The Impossible Gentlemen at Manchester Jazz Festival

Tuesday, 26 July, 2016, Royal Northern College of Music




Let’s Get Deluxe is the title of the new album and an unnecessary statement to apply to The Impossible Gentlemen. They can’t help but get deluxe. Unfailing quality is a given. The tune opens the concert – something of MJF veterans, this is their fourth appearance under that banner – and it slips down like a treat: high-calibre jazz funk, effortlessly sustained by guitarist Mike Walker’s joie de vivre. Though capable of emulating the immaculate polish of a Crusaders or Steely Dan indefinitely, the Gentlemen opt for different colours, different moods. The second tune (sorry, I didn’t catch the name) is more cussedly prickly; ‘It Could Have Been a Simple Goodbye’, dedicated to John Taylor, is an opportunity for Walker to wear his heart on his sleeve, always gratifying to behold. The central Impossible partnership is between Walker and the pianist Gwilym Simcock and how the latter’s virtuoso, slightly academic muse has been tempered by Walker’s warmth! The dazzling gaucherie has been laid aside in favour of something that swings, and, though capable of chopping time with the precision of an atomic physicist, he restrains himself from doing so. 

‘Dog Time’ starts with Mike in ominous free-form and climaxes with exultant baying, with sinister stalking in-between. There’s a cinematic component to the band as well, offering soundtracks to non-existent movies, with listeners in the role of cinematographer. ‘Dog Time’ is clearly a spaghetti western, with a full cast of desperadoes and badmen. 

The addition of Iain Dixon’s saxophones (and occasional keyboards) adds to the expansive sound. He plays with confidence and can vie with Walker for tenderness. Drummer Adam Nussbaum swings the band with considerable power, but his chief asset is to mix unbridled power with delicacy. On ’Speak to Me of Home’ he gauges the intensity with precision.  Do we miss Steve Swallow? With respect, we don’t, not when bassist Steve Rody holds the centre with such unruffled authority. He’s a conventional time-keeper of immaculate clarity, but then clarity is the sign of a Gentleman.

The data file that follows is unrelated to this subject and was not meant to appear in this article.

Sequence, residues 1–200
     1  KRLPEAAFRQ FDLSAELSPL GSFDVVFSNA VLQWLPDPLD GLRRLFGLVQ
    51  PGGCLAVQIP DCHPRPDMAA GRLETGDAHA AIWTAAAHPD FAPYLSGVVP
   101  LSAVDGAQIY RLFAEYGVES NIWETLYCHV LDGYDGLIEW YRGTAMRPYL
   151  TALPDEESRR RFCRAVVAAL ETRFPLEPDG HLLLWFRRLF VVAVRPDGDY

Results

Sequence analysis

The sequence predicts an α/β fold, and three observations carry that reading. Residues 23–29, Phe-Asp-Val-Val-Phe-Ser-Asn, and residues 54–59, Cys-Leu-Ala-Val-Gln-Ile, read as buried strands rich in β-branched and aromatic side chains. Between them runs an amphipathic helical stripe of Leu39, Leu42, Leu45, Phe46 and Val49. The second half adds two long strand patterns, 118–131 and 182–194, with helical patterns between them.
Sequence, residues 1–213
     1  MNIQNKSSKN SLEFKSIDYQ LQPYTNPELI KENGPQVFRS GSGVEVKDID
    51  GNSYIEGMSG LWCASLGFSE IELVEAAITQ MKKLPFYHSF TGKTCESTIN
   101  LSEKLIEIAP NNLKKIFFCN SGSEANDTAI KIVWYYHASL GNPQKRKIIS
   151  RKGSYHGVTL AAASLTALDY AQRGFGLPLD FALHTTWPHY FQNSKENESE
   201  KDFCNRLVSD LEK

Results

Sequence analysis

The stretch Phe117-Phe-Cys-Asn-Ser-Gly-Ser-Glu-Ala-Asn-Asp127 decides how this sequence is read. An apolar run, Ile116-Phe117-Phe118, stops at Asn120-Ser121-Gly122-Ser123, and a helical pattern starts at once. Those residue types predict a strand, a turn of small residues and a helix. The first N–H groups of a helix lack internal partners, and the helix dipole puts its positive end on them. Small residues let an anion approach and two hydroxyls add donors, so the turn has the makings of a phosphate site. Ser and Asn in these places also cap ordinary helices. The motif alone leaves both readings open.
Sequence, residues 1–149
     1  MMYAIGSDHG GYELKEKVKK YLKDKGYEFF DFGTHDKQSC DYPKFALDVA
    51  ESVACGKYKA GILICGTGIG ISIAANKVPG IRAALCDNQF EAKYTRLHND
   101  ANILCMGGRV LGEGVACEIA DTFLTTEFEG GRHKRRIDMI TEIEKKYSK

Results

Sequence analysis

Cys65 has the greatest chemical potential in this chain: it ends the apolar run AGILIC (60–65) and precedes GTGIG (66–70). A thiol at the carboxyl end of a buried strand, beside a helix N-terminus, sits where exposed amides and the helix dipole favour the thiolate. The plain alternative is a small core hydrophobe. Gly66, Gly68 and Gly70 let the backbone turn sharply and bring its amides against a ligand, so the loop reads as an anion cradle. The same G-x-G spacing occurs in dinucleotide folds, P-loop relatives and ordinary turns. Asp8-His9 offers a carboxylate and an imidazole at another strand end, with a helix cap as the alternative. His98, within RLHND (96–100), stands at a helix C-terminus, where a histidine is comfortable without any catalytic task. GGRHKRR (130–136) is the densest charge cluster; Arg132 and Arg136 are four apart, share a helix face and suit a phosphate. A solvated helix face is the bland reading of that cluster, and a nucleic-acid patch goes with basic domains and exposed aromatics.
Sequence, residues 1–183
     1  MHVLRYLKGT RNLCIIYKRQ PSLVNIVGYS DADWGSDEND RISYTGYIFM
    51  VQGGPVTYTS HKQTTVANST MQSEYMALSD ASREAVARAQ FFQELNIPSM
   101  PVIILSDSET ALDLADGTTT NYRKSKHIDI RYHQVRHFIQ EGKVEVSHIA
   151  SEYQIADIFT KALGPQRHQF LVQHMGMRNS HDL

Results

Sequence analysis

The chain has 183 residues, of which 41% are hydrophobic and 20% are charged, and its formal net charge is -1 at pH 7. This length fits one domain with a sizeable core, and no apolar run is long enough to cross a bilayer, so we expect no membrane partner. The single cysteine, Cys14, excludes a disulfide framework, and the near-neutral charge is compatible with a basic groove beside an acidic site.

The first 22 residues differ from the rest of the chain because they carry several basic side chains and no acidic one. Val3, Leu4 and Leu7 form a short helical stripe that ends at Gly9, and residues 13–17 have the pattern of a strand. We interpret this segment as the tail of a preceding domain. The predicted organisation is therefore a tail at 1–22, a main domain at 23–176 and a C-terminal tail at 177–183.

‘Barber Blues’, graced by a little fugue between Simcock and Walker, slips into a drum solo by Nussbaum, interrupted by a trick coda that catches some of us out. These guys are playing games with us. ‘Propane Jane’ locks into a solid groove and, again, Mike Walker lights up the night. A true guitar hero, Walker’s trajectory from macho swagger (don’t knock it: swagger is Manchester’s great gift to music) to paragon of warmth and sensitivity is one of the great jazz stories. ‘Clockmaker’, reserved for the encore (and written for Iain Dixon’s dad, Walker reminds us) is something of a Greatest Hit, and an eloquent expression of joy. 


In a word, perfection. 

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